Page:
• Papa! I want you to weed za uzzer book, please!

  • (Pops asks you to do something.) Wew, I’m piddy busy wight now. [Well, I’m pretty busy right now.]

  • Tip a light ontastic [Trip a Little Light Fantastic, from Mary Poppins Returns]

  • (Me: What should we get Pops for his birthday?)...A vewy speciaw toy. A vewy big toy. A gohwn up toy…Fancy Nancy and Jungo Book. ALL da movies…AND Zootopia…AND Coco.

  • (I have a few strands of hair in my face as I lean over to kiss you goodnight.) Get yo haow off yo face and on yo head. [Get your hair off your face and on your head.] (You sweep it back for me.)

  • …But you must exercise!…(Me: Why?)...Well, I want to watch some TV…

  • Please, please, everyting please. Did you like dat?…(Because I sing-song, “Everything please!” as a gentle reminder at times)

  • (Me, as you sit down on your potty: Pull down your undies!) Uhzerwise I will pee in my undies.

  • (“Braiding” Gordie’s hair at the wedding) I was makin it into a baid so it could be pitty. But he kept movin. He was wewy movin.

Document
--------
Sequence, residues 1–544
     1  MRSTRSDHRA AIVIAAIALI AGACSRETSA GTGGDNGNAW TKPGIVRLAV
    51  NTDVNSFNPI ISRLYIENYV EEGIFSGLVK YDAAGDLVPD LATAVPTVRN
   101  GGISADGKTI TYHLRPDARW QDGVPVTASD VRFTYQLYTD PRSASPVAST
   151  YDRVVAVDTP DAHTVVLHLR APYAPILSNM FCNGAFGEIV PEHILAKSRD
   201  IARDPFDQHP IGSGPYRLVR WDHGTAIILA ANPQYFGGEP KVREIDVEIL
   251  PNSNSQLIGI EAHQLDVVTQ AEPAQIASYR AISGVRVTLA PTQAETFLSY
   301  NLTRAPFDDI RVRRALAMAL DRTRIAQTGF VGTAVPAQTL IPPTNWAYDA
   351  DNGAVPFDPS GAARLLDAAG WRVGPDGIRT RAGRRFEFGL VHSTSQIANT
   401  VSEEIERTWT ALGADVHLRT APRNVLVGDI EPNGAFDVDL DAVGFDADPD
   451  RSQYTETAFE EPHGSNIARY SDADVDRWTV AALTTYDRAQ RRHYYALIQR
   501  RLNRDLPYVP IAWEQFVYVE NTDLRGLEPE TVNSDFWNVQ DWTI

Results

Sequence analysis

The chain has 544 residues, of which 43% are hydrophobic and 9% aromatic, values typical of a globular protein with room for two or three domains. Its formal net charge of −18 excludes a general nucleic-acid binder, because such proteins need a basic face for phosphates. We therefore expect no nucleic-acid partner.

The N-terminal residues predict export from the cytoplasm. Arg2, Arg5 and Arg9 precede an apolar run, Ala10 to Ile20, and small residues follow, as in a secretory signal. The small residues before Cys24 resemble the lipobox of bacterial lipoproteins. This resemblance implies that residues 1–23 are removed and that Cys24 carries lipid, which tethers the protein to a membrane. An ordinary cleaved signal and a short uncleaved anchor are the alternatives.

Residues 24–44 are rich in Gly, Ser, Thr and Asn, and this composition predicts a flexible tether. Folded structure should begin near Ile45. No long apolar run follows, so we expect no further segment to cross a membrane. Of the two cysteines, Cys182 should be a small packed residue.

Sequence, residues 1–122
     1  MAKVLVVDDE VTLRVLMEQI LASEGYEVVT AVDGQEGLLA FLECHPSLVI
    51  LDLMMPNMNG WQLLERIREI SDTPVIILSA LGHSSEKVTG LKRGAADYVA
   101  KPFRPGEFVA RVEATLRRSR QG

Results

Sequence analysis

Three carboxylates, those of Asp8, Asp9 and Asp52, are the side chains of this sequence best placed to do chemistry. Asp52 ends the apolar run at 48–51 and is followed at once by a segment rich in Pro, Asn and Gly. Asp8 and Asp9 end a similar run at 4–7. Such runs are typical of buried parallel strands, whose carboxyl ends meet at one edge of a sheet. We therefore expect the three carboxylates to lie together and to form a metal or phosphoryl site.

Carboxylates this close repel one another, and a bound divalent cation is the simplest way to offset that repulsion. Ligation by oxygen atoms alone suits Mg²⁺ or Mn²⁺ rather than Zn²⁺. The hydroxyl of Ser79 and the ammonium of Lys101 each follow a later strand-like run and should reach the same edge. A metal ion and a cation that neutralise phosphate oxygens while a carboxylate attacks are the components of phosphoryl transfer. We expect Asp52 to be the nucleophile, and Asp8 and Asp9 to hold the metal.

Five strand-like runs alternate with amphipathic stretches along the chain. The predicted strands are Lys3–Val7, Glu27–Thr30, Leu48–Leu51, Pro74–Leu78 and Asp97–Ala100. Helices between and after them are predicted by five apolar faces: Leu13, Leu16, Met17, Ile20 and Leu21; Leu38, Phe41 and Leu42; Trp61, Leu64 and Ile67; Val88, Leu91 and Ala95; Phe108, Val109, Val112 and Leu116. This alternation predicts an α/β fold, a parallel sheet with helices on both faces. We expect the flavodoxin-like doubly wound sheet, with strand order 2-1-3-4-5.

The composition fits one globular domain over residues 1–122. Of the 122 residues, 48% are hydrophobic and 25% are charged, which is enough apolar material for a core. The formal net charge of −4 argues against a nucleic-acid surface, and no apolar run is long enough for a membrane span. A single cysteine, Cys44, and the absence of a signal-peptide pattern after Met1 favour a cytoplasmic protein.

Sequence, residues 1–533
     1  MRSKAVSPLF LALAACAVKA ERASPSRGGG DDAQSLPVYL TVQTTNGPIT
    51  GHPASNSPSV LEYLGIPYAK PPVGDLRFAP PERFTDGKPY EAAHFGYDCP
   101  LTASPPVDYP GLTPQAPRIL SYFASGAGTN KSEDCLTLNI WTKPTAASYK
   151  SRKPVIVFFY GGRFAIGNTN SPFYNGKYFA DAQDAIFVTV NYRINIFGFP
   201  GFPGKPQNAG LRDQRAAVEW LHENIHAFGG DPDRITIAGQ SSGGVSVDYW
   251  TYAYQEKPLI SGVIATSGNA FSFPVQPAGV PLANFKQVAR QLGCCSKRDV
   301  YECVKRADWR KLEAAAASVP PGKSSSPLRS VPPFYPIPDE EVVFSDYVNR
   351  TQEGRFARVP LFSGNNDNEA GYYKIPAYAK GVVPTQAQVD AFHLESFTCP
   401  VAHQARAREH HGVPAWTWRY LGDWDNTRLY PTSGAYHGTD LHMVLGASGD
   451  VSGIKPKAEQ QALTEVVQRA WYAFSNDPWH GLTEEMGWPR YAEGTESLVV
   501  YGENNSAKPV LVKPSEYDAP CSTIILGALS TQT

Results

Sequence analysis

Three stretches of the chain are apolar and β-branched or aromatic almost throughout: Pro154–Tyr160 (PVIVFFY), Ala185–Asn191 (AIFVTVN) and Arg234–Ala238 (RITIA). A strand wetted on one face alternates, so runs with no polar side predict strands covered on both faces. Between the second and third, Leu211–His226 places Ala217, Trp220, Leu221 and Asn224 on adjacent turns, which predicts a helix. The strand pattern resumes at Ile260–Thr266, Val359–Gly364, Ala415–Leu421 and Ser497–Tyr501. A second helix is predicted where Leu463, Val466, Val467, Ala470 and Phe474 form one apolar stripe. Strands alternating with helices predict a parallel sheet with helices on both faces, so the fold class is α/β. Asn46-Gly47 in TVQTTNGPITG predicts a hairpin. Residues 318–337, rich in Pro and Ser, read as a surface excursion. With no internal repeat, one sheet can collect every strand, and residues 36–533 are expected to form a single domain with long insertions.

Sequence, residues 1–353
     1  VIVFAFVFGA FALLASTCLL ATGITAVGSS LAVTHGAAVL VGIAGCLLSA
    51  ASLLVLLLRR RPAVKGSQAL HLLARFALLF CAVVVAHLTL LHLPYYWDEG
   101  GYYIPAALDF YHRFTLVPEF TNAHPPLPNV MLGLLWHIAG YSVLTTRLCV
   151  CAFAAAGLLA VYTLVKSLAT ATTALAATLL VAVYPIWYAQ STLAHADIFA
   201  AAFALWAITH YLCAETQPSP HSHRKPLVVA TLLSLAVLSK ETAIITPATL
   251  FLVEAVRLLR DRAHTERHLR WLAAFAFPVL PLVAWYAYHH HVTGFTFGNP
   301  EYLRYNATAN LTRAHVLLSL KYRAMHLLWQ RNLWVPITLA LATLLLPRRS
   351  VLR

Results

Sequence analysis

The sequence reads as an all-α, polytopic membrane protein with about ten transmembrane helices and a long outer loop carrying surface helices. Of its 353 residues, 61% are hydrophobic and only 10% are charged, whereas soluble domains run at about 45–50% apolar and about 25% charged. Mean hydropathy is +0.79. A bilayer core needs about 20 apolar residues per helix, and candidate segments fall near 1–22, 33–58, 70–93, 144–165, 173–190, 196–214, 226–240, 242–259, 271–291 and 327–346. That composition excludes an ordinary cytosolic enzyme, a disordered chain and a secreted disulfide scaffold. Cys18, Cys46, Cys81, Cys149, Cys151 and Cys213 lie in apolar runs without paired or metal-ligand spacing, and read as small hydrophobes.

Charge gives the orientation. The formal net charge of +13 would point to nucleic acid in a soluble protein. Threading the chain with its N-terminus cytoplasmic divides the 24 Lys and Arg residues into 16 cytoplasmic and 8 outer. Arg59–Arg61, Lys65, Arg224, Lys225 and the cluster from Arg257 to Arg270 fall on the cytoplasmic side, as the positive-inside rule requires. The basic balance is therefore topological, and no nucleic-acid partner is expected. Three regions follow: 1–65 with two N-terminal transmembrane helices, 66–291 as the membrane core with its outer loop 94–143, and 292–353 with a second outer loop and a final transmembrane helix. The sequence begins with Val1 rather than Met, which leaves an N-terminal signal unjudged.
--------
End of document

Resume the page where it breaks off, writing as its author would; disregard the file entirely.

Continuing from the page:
• (After opening the fridge, getting your vitamins, and closing the fridge) Oh! I fogot to kose it kietly fo da neighbos! [I forgot to close it quietly for the neighbors.] (While thoughtful, I’m pretty sure it wasn’t that one door closing that woke them up this morning.)

  • Mama, do you know wew my popo bayo is? Da one you bay outside? Ow you undotayndin me? [Mama, do you where my purple sprayer is? The one you spray outside? Are you understanding me?]

During dinner one night, I ask you a question, and you say you lost your voice—so you don’t reply. I say, “Well, I guess you can’t have a fig newton if you don’t have a voice.” You promptly reply, “…Oh! My voice came back!”


Your desire for independence continues to reach new heights, as do your skills and the ensuing pride when you do anything yourself for the first time. You are as goofy, as attentive, and as passionate as ever.